Do you feel the power of The Dominators? Do you have the will and the skill?
Sorry, that’s been in my head for five days. Anyway, I went into this one with extremely low expectations, as I’d spotted that in the latest Doctor Who Magazine poll, it was ranked one place below The Rings of Akhaten. And I can’t imagine how it’s even possible for an episode to be worse than The Rings of Akhaten.
Fortunately, this isn’t. It’s certainly not a standout, but considering that the Troughton era is almost entirely composed of all-time classics, that doesn’t necessarily mean it’s rubbish. There’s plenty of good stuff here – it’s pretty pacey, the location work looks great, and there’s some entertaining, if a little scenery-chewing, performances to keep you interested.
I really like the Quarks, the cute little buggers with their child-like voices and ability to fling people at walls. They’re not very good at actually killing, though – great when blowing up buildings (thanks to some impressive pyro work), but their aim is atrocious when they’re chasing a Scotsman and a fat bloke wrapped in a curtain.
The Dulcians being fanatical pacifists was a good concept, but it didn’t really go anywhere – it looked at one stage like the council were about to snap and take action following the murder of Brian Cant, but they never showed up in the end. Fortunately, the necessity for the youngsters to rebel in order to save themselves allowed Zoe to continue to kick arse, when she rallied them to stand up and fight. It’s so refreshing to have a companion who’s intelligent enough to talk to The Doctor at somewhere near his level, and also to have a young woman on board who’s equally as brave as the male companions.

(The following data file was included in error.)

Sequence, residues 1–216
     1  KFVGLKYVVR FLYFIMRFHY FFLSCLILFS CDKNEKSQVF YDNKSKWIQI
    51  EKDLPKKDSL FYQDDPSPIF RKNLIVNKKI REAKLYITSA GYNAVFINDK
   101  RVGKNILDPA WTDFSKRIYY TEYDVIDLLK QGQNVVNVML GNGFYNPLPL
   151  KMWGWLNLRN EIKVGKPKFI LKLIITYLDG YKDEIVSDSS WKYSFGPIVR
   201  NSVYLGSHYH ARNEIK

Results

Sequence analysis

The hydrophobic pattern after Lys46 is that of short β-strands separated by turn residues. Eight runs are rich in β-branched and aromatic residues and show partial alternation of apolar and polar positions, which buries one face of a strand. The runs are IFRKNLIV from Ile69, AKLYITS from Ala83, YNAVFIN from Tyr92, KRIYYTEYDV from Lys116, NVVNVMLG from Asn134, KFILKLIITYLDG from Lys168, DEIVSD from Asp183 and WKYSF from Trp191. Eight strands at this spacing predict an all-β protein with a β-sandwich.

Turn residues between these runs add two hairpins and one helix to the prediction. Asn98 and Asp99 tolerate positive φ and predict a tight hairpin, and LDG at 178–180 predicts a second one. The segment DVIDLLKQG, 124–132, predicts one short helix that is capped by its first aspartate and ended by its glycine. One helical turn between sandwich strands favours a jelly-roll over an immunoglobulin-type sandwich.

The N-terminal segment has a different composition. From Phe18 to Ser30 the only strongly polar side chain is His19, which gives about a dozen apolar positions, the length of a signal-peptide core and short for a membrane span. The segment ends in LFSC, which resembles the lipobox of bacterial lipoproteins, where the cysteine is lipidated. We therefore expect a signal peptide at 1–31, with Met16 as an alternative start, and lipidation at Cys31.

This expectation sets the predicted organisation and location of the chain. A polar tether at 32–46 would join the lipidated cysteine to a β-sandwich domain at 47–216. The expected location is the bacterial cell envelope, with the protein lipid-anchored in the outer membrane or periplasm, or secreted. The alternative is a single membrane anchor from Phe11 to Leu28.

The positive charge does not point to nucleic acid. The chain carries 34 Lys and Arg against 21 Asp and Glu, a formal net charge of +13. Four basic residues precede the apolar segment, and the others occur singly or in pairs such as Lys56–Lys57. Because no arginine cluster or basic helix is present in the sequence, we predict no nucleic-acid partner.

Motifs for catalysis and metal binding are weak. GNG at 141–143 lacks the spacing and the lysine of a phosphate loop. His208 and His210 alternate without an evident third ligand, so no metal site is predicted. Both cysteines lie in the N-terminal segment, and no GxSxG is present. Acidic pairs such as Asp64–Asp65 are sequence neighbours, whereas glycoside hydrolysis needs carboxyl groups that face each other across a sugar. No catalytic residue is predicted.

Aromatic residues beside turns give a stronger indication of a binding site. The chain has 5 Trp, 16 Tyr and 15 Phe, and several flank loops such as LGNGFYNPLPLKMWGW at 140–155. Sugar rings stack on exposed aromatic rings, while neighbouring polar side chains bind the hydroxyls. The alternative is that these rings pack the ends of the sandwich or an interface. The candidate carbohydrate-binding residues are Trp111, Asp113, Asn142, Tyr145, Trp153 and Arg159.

Overall though, the implication that pacifism is an inherently bad thing, and that violence is a necessary feature of a civilised society, makes me a little uneasy. The Doctor always believes in peace, but the show’s authorial voice doesn’t always agree.
I found the power struggle and in-fighting between The Dominators much more interesting – they’re both ruthless in the pursuit of their goals, but the smarter one realises that it’s counter productive to be evil for the sake of it. It’s fitting that they were literally hoist with their own petard.
So Season 6 starts with a solid if unspectacular episode, but looking back on past season openers, that’s surprisingly common so far – Tomb being the only exception. I know for a fact that this season gets much better, having seen a couple of them before, but it’s also the last of its kind. The last in black and white, the last ridiculously long run, the last where there’s episodes missing, and unfortunately the last of the Troughtons. Not looking forward to that particular change, so while I’ll be excited when I enter a whole new era, I’ll be making the most of Season 6 while I wait.